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ASTMH Annual Meeting 2020 Blog / All Blog Posts / Tropical Medicine’s Racist, Colonial Past—and How it Still Percolates in the Present

Tropical Medicine’s Racist, Colonial Past—and How it Still Percolates in the Present

By: Matthew Davis, Burness

Photo: 11.19.20

The racism and colonialism that was more overt in tropical medicine’s past produced power structures, hierarchies and attitudes that persist today—even in a field broadly infused with a genuine commitment to social justice through health equity.  

That was one of the themes explored Thursday at #TropMed20 in a probing discussion of race and colonialism in tropical medicine. It was led by a panel of experts who drew on their compelling personal experiences and considerable professional skills to unpack how ASTMH and the broader field of global health should be guided by a past that many believe is still very much present.

“This is a Society of people of good heart who care,” said Linnie Golightly, MD, an expert in mosquito-borne and microbial pathogens, and Associate Dean of Diversity at Weill Cornell Medical College. “You go out to try to help and do good in the world. But what don’t we talk about?”

For example, Golightly pointed to the fact that the Society has had only three presidents who were not American-born and only eight of whom were women. And while it has many members from outside of the United States, she said they are “not necessarily in power.” 

Golightly said she raised these points to encourage broader consideration of whether there remain vestiges of a Society founded in the early 20th century, a time when tropical medicine was deeply enmeshed with colonialism, that still influence its power dynamics. 

“I think we are a Society that can look each other in the eye and face the hard things and work together to move forward,” she said. 

Thomas LaVeist, PhD, Dean of the Tulane School of Public Health and Tropical Medicine, said that percolating through the day’s discussion about whether the troubled history of tropical medicine was still playing out in the present day was the issue of “narratives—who controls the narrative, who writes the narrative, and which narrative becomes dominant.” 

He recalled a recent interview with a reporter who asked whether memories of the Tuskegee experiments, in which hundreds of Black men in Alabama were intentionally denied treatment for syphilis, would prompt Black communities today to be skeptical of COVID-19 vaccinations. LaVeist said that, interestingly, surveys of Black and White Americans have shown that neither group knows much, if anything, about the Tuskegee experiments. However, when given the details of Tuskegee and then asked whether something similar could happen today, he said most White respondents said “of course not” while Black respondents “almost uniformly said ‘of course this could happen.’”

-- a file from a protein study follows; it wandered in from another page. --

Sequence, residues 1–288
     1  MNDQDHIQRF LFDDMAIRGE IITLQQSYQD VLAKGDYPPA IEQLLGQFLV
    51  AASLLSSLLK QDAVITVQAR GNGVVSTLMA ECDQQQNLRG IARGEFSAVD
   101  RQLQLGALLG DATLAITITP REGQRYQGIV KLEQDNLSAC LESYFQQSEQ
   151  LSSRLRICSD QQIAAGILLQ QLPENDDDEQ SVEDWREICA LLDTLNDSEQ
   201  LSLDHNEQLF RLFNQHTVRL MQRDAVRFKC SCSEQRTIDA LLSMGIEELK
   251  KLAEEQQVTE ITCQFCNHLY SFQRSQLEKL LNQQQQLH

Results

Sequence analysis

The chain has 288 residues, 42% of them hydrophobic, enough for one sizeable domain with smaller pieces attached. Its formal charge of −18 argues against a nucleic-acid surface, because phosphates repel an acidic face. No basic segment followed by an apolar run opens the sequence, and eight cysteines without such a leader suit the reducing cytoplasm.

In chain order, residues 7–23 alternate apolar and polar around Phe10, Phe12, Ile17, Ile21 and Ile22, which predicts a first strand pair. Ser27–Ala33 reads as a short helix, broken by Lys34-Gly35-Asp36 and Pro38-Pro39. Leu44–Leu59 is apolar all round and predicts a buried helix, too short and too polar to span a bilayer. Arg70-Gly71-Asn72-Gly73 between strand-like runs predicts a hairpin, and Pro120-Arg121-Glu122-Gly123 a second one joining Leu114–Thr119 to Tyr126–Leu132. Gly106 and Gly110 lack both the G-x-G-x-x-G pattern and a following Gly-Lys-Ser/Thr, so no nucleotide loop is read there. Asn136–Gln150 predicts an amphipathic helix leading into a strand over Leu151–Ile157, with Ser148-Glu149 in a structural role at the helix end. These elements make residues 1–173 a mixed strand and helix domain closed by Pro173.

The issue is relevant, he said, because it’s an example of a dominant narrative that assumes  racial injustice is largely a thing of the past—and that something like mistrust of medical research in minority communities is solely about historical memories. 

“This is important because it’s not some historical event that leads to the mistrust,” he said. 

Rather, LaVeist said, it’s more the everyday experience of Black people, who regularly encounter  racism from individuals and institutions, that makes such mistrust “logical and rational.” 

Jonathan Stiles, PhD, Professor of Microbiology at Morehouse School of Medicine and an ASTMH Board member, said one perplexing problem is, given the large number of global health programs and projects located overseas, how funding agencies and recipients manage the power relationships while maintaining a commitment to equity and inclusion.  

“In many instances, we find these power relationships tend to create more problems when it comes to inclusion,” he said. 

Mishal Kahn, PhD, a social epidemiologist with the Decolonizing Global Health initiative at the London School of Hygiene & Tropical Medicine, raised a provocative alternative to the conventional view that global health research institutions and organizations are all about increasing equity and social justice.

“That is one definition,” she said. “But another definition I read recently is that global health is actually a brand used to describe the work of high-income countries extracting information, knowledge and power from low-income countries.” 

Kahn said that as the global health community reflects on its commitment to inclusion and diversity, it’s worth asking whether people who benefit from the current system--in which the most influential institutions are controlled by wealthy countries—are willing to be involved in dismantling it.

Incoming ASTMH President Julie Jacobson, MD, DTMH, Managing Partner of the global health NGO Bridges To Development, said the panel was engaging in “one of the most important issues of our time.” She said there has been considerable interest within the Society in a frank and open dialogue on the colonial roots of tropical medicine as part of its ongoing focus on fostering diversity, which has included developing a strong Inclusion and Respect policy. 

“The majority of members felt this was an important issue for us to discuss openly and think about how it reflects on how we work together in the future,” she said.

More Information: https://www.abstractsonline.com/pp8/#!/9181/session/332 

 


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